Farmer Spotlight: Open Book Farm

Barn on Open Book Farm Maryland

Nestled contently in Maryland's Middletown Valley lies Open Book Farm. Originally owned by a family that possessed the land since the Revolutionary War, the farm is now trusted to the caring hands of Mary Kathryn (MK) and Andrew Barnet. Spanning 190 acres, the farmland rolls over gentle hills with Catoctin Creek marking its back border. The name "Open Book Farm" truly describes the philosophy MK and Andrew run their farm by: be as transparent as possible. They want their customers to know exactly what they are buying, as well as how it was grown. Such a notion is comforting in an age of unclear labels and unknown sources.

Open Book Farm is unique in that it functions as both a vegetable and a livestock farm. To some, this may sound complicated or even contradictory. However, MK describes the process as "synergistic". For example, the waste from the chickens can be added to the soil to grow vegetables. Then any rotten or unsold vegetables can be, in turn, fed to the chickens. The farm produces a variety of Certified Organic vegetables including tomatoes, spinach, carrots, kale, Swiss chard, lettuce, and much more.

As far as animal products, the farm supports a 100 percent grass-fed beef herd, pastured pigs, turkeys, and chickens. Because the livestock are pasture-based and continuously rotated, the animals have a healthy diet and their manure returns directly to the soil. When livestock eat grass, they do not need to feed on corn or soy beans, both of which include growing operations that result in substantial amounts of sediment and nutrient pollution, primary pollutants of the Chesapeake Bay. Remarkably, rotationally grazed pastures and a grass-fed diet can lead to at least an 87 percent sediment pollution reduction on the farm.

Not only do MK and Andrew Barnet run a sustainable farm, they also practice direct marketing to consumers. They possess a loyal, local, customer base in Middletown, MD, and the surrounding areas, and sell their chicken to the Common Market in Frederick. Their products can also be found at the Petworth Community Market in Washington D.C.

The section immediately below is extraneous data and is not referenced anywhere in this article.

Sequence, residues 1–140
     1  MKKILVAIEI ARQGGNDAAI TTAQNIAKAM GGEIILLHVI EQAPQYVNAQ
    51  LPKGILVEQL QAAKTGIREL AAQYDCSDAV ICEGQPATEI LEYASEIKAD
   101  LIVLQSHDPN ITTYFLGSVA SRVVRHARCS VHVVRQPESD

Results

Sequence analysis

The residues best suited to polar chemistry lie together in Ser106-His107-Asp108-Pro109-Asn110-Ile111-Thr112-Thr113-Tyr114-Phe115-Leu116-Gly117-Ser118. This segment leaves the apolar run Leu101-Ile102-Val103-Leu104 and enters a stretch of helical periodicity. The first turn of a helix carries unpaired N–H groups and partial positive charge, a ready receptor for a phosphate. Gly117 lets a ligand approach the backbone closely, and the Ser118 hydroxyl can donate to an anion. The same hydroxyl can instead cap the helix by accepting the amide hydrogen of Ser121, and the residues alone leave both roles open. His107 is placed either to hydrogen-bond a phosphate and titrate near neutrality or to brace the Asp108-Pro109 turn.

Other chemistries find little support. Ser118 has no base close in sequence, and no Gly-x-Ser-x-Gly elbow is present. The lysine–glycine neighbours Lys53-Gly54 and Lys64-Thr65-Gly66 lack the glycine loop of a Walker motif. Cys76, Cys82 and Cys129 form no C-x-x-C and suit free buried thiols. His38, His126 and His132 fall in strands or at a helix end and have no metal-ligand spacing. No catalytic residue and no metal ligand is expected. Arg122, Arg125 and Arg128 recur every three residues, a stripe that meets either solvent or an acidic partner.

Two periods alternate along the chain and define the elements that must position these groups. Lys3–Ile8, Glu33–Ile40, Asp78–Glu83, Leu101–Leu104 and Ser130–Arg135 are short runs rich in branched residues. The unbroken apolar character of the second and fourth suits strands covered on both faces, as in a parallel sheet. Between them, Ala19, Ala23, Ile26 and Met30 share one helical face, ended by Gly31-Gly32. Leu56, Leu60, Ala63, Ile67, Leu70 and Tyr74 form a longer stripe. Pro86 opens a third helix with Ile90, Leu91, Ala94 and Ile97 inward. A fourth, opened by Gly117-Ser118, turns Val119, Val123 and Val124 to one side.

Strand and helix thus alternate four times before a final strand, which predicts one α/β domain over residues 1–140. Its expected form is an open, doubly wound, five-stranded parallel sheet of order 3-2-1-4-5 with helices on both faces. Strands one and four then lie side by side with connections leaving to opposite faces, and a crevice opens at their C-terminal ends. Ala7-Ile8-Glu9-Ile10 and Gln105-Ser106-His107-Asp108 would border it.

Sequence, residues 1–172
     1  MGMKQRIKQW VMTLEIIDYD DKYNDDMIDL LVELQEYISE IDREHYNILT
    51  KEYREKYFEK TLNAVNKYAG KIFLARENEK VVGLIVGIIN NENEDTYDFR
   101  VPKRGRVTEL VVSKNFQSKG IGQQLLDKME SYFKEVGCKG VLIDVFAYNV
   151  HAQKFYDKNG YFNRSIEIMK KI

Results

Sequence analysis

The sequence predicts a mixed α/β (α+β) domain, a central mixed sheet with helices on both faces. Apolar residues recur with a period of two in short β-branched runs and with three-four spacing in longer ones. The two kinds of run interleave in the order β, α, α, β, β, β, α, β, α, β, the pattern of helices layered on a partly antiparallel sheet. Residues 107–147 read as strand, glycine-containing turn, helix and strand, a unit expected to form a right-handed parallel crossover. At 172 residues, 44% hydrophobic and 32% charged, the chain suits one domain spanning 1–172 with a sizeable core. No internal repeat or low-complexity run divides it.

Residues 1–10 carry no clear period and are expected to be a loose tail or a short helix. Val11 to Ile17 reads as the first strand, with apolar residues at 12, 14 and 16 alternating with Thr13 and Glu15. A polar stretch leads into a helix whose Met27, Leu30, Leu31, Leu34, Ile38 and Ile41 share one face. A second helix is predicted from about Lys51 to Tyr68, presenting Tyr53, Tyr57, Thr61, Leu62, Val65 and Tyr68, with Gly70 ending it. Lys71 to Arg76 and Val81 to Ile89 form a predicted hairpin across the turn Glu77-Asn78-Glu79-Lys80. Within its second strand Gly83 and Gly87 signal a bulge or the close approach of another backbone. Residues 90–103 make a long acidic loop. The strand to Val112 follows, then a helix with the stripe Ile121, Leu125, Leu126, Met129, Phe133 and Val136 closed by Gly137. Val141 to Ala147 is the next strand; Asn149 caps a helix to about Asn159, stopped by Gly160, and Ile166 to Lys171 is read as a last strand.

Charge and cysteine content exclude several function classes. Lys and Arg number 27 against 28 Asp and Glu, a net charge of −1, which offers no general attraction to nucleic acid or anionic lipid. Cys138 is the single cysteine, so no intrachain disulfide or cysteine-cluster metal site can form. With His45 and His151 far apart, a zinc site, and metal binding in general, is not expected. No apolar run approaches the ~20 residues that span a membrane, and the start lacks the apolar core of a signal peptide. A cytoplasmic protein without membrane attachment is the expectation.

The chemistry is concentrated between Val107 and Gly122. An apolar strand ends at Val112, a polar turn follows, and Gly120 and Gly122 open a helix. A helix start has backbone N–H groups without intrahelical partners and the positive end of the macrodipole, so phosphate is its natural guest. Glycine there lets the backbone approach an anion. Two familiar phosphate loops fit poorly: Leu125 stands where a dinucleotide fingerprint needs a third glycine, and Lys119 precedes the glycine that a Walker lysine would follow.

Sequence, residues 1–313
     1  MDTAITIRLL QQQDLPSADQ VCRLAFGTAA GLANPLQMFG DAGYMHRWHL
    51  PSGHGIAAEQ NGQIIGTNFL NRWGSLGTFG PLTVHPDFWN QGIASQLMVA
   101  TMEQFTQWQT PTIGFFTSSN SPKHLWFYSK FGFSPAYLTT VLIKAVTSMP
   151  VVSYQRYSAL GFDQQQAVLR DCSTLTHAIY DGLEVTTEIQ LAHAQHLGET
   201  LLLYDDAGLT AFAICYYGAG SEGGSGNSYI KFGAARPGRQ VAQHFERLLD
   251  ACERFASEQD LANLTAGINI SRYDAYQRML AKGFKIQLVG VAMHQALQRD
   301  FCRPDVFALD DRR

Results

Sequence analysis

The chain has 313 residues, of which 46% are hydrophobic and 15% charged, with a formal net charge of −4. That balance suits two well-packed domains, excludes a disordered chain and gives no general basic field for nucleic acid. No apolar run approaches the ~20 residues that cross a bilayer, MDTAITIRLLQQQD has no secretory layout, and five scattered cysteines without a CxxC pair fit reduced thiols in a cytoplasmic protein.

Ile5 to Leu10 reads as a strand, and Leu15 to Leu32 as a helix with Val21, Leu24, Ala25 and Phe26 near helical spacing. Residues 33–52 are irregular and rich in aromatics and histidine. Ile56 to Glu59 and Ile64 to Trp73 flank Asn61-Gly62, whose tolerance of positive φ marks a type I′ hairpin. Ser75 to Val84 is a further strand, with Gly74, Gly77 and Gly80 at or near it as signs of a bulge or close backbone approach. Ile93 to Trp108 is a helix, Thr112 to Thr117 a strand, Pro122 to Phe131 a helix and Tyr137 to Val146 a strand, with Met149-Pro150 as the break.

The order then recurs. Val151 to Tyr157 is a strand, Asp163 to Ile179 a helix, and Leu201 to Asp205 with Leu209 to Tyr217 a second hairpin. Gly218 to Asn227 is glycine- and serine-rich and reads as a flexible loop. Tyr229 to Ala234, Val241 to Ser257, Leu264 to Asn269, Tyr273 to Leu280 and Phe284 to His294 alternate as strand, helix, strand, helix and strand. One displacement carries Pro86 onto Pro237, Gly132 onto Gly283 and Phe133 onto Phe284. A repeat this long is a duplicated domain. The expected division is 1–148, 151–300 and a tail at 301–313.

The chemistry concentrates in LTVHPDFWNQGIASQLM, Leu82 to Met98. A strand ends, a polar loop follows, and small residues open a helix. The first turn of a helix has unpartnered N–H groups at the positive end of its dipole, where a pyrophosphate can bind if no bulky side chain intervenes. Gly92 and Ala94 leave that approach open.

Their goal is to meet people where they are, whether that be regarding finances, location, or the way they approach food, nutrition, and cooking. Consumers care about locally and sustainably grown products. Open Book Farm wants to provide such healthful products.

The Barnet's have also participated in two major tree plantings with the Chesapeake Bay Foundation (CBF). Working with Rob Schnabel, a restoration scientist with CBF, over 100 volunteers came out in April and November of 2017 to plant trees on the farm. These volunteers were planting riparian tree species (stream side species) to create a forest buffer. Because of their ability to act as natural filters, trees serve as the best form of land use to protect against farm runoff and to increase water quality in the waterways on and near the farm. Catoctin Creek, which boarders the Barnets' farm, drains into the Potomac River, ultimately ending up in the Chesapeake Bay. Planting these trees and implementing rotational grazing for their herds is vital to the Bay's health.

When asked why it is so important that they run such a sustainable farming operation, MK replied, "I was the kid who was always concerned about recycling, and I always wanted to be outside". She explained that it only made sense to carry such principles of caring for the environment into her adult life. The Barnet's are also young farmers at a time when the average farmer in the country is 60 years old. In Maryland alone, over half a million acres, 25% of Maryland's farmland, is owned by those 70 years old and older. These statistics are not unique to Maryland and they match nationwide trends.

Transitioning sustainable farming to the next generation is key to growing healthy food for the country. This week, the Barnet's, and hundreds of other young farmers, are attending the 19th annual Future Harvest Conference in College Park. Registration for the conference is available to the general public and open now. The conference brings farmers and consumers together to "Cultivate the Chesapeake Foodshed". The Chesapeake Bay is fortunate to have both MK and Andrew Barnet running a farm that can serve as a model to people everywhere, showing how to do their part in saving the Bay while growing healthy food from farm to table.

Learn more about how farmers across the watershed are working to improve both water quality and farm productivity in our Farmers' Success Stories series.

Morgan Jones 90x100

Morgan Jones

Conservation Corps Member, CBF

MJones@cbf.org

Issues in this Post

Agriculture   Conservation   Land Use   Polluted Runoff   Water Quality   CBF in Maryland  




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